Barrani. In two months, the British force of 31,000 men, led by General O’Connor, advanced 500 miles, past Agedabia, destroyed an Italian army of ten divisions, took some 130,000 prisoners, and captured 400 tanks. The cost to the Allies was a little over 500 men killed. It was truly one of the greatest victories in military history.

was refused. Then on November 4th, the 1st and 10th Armored Divisions broke through the Axis defenses, and the Afrika Korps was forced to withdraw. With no flank protection, little fuel, and no strength to set up any defensive positions, Rommel managed to withdraw in an orderly fashion.

On February 12th, with only one Italian regiment left holding the front, a German Henkel 111 bomber landed at Tripoli, and out stepped a German general, short in stature but quick and dynamic in speech and manner. Erwin Rommel had arrived in Africa.

On November the 8th, the Allies invaded the whole North African shore between Casablanca and Algiers to Rommel’s rear. This spelled the end of Axis hopes in Africa, as within weeks this force would be in Tunisia, perhaps even Tripoli, and there would be no escape. Rommel fell back further to meet this force and defend Tunisia. On January 19th, 1943, the Allies captured Misurata.

Rommel’s name has perhaps become more famous than any of the chief actors in the Second World War, and through his fame, the German Afrika Korps that he led was to become almost as widely celebrated. The men of the Afrika Korps were well trained, disciplined soldiers, but unused to the hot desert conditions that suited the Australians, New Zealanders, and South Africans better. It was Rommel, this inspiring leader, who raised his men to great heights and created the legend of the Afrika Korps, With a still incomplete 5th Light Division (later renamed the 21st Panzer Division), Rommel took EI Agheila on March 24th. Disregarding Hitler’s orders to wait for the 15th Panzer Division, Rommel pushed on and, bypassing Tobruk, drove the Allies back to Matruh by April 25th. The legend of the Afrika Korps was born. In May and again in June the Allies launched fresh offensives, but Rommel checked them and still managed to keep pressure on Tobruk. Then in November, with General Auchinleck as their new Commander, the Allies launched Operation Crusader. The Eighth Army outnumbered the Axis 9 to 4 in tanks, and the Germans who were the backbone of the Axis forces by more than 4 to 1. After a touch-and-go battle, the superior numbers won out, Tobruk was relieved, and Rommel withdrew to El Agheila. A month later, after catching the Allies by surprise, the “Desert Fox” was back at Gazala. Both sides built up their forces, the Axis under great difficulty as many supply ships were being sunk, and because Hitler regarded Africa as a side show and had little material to spare from Russia. In May 1942, the Afrika Korps had 280 German panzers and was supported by 230 obsolescent Italian tanks. The Allies were about to attack with over 1000 tanks, but Rommel struck first, and after a fortnight’s battle, the Afrika Korps took Tobruk by storm. The Eighth Army retreated to the El Alamein line, the last defensive area before Alexandria, the Nile Delta, and the Suez Canal. Rommel’s initial attacks at El Alamein were repulsed, and a stalemate developed. During this time, the Allies built up a 6-1 superiority in tanks and aircraft, and General Montgomery arrived. The Afrika Korps was weakened after repeatedly attacking the Alam Haifa Ridge, while the Allies were the strongest they had ever been. Rommel asked Hitler for permission to withdraw, but it © 2017 Compass Games, LLC.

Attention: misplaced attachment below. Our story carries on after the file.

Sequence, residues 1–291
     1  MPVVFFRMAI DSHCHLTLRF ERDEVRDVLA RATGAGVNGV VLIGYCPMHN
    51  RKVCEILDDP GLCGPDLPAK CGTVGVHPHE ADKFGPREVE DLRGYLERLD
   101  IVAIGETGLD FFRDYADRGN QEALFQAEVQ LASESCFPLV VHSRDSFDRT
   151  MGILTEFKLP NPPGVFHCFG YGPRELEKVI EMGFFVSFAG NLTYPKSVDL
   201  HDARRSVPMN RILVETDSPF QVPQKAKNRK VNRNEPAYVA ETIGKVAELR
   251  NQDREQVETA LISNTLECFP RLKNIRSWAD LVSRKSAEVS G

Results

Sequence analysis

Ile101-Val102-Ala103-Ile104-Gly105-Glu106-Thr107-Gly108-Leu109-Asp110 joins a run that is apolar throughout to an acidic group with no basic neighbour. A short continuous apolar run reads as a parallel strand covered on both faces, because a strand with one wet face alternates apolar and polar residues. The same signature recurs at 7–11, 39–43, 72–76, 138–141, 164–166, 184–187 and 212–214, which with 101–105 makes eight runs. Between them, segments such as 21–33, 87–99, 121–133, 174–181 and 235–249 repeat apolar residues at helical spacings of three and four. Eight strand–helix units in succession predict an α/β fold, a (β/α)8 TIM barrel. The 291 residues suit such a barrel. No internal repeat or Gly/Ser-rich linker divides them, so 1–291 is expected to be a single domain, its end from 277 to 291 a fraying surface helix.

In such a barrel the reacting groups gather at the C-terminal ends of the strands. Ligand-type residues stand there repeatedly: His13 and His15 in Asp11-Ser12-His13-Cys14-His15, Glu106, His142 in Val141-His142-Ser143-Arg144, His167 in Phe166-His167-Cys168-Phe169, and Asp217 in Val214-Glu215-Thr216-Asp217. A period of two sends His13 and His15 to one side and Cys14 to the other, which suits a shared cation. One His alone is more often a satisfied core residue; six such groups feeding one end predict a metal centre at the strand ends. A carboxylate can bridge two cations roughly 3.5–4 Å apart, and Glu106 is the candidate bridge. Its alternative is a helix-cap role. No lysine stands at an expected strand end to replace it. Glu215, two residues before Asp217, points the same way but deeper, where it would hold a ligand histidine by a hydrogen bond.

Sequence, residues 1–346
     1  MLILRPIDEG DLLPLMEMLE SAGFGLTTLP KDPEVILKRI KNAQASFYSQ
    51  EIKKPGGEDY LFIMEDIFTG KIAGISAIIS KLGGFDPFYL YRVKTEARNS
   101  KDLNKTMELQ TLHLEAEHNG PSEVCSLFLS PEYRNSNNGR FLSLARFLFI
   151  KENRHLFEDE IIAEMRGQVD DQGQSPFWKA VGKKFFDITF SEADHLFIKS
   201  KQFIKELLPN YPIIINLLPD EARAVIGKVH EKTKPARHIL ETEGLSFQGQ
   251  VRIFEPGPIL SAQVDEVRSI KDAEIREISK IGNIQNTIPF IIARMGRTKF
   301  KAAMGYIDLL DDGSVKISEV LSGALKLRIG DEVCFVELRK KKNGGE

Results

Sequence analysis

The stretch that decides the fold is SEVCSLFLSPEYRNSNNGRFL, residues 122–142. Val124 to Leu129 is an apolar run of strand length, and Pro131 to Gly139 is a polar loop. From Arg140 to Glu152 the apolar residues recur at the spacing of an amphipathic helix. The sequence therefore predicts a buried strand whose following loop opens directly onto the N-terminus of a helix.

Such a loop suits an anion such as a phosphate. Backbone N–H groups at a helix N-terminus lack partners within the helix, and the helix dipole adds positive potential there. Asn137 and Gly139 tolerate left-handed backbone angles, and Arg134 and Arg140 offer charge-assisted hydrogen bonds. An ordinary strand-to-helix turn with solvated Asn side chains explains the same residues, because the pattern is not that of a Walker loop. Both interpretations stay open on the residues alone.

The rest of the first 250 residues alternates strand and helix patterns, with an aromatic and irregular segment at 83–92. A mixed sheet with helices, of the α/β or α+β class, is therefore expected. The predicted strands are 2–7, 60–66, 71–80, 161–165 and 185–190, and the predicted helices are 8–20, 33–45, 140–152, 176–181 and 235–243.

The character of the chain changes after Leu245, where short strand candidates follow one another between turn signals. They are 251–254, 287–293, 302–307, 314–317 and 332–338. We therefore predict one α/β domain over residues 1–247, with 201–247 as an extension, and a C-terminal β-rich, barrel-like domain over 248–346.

It is at this point our game ends, as without total victory by November or December 1942, the Axis forces would not have been able to cope with the Allies then landing in their rear. The African campaign continued until the remnants of the proud Afrika Korps were surrounded, with their backs to an Allied controlled sea, and finally capitulated in May 1943. But the battle of El Alamein, with the battle of Stalingrad, spelled the end of Hitler’s dreams of world domination and marked the turning point in the Second World War.

GAME CREDITS Game Design John Edwards Artwork Todd Davis Box Design Knut Grünitz and Brien Miller Project Director John Kranz Contributors Kim Meints, Gareth Scott Produced by Ken Dingley and Bill Thomas for Compass Games, LLC.

Post-Production Notes

Correction to OOB Substitute Unit Display 2nd Brigade of the British 1st Armoured Division (2-6) appears on Turn 25 as listed in the Reinforcement Schedule and on the unit itself. Correction to Allied Counters (Turn of Entry) 3rd Indian Mechanized Brigade (2-6) enters on Turn 8 and 1st Greek Infantry Brigade (1-6) enters on Turn 37, as properly listed on the OoB Display. The counters have an incorrect Turn of Entry listing. Small Typo on German Event Chit Markers “Counter-Inel” marker should read, “Counter-Intel” “Luftlotte” marker should read, “Luftflotte” Air Interdiction Marker clarification “1/2 MP” should read “1/2 MA” since its the unit’s Movement Allowance that is halved.

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Š 2017 Compass Games, LLC.

The African Campaign, Designer Signature Edition


The African Campaign, Designer Signature Edition

Š 2017 Compass Games, LLC.

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SEQUENCE OF PLAY GAME TURN OUTLINE A) ​INITIATIVE DETERMINATION PHASE (Optional, 18.2)